When it comes to rough diamonds in South Africa, you should be aware that there are extremely strict regulations, both for traders as well as the owners of these diamonds. In order to trade or be in possession of rough or uncut diamonds, you will need to hold all the relevant permits.

Established in 1987 in terms of the Diamond Act (Act 56 of 1986), the South Africa Diamond Board regulates control over the purchase, possession and sale of diamonds, as well as the export and processing of diamonds. Later it was delisted as a Schedule 3A public entity and replaced by the South African Diamond & Precious Metal Regulator (SADPMR) in March of 2007. This was established by Section 3 of the Diamond Act.

This regulator was established to administer both the Precious Metal Act (Act 37 of 2005) and the Diamonds Act (of 1989 and amended in 2005).

One of the main functions of the SADPMR is to facilitate the selling, buying, importing and exporting of diamonds. This is achieved through the Diamond Exchange and Export Centre (DEEC).

According the South African Revenue Service (SARS), when it comes to importing unpolished or rough diamonds, you will only be allowed to register the diamond for import/export if it is accompanied by a Kimberly Process Certificate (KPC).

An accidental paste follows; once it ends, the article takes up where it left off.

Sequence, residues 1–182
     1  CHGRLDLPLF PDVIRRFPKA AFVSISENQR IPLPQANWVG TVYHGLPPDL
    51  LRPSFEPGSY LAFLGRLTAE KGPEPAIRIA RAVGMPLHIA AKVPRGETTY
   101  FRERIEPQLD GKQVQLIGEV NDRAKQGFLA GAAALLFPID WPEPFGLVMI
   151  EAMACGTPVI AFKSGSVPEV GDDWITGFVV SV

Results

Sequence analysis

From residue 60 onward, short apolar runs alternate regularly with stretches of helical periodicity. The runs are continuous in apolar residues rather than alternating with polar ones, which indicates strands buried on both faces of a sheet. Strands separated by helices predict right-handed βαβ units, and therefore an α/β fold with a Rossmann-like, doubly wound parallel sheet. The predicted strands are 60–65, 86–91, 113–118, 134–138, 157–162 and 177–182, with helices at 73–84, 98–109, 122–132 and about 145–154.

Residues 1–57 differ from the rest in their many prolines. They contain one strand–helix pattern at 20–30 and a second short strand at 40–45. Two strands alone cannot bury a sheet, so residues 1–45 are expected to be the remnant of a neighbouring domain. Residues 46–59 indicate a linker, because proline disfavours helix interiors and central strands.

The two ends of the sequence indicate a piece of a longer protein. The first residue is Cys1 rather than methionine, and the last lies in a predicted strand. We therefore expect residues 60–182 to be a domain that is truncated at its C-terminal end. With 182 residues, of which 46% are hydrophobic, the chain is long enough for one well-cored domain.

Importing unpolished diamonds must be verified and undergo a final inspection by the SADPMR. These diamonds must also have a KPC. Importing unpolished or rough diamonds without this in place, will make your import illegal.

As you can see, real diamonds have something fake diamonds (or even ‘blood diamonds’ for that matter) do not have – an official paper trail. When it comes to diamonds for sale, it is always best to use a properly licensed trader meeting all the regulations set out by the South African government.

The rules and regulations set up are extremely complicated for those of us not active within the industry to understand. Blood or conflict diamonds are a reality, and so is illegal mining practices throughout Africa.

Keep in mind that one of two things can happen when purchasing diamonds using questionable routes and traders. These diamonds can either be illegal (which will land you in an unexplainable amount of trouble), or you can fall for one of the many scams in South Africa and buy fake diamonds.

For more information on regulations, certifications and permits, visit the South African Diamond and Precious Metal Regulator website.


Scam Alert: Fake Diamonds
Article Name
Scam Alert: Fake Diamonds
We have been made aware of fake diamonds being sold, making up a long list of scams targeting South African consumers. Read more on the Blog...
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Junk Mail
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Annabel Schoeman

SEO'er, blogger and lover all things weird, wacky and interesting.

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1 Response

  1. Jakkie Joubert says:

    Good job Annabel! Hundreds of innocent victims has lost BIG money due to these gangsters.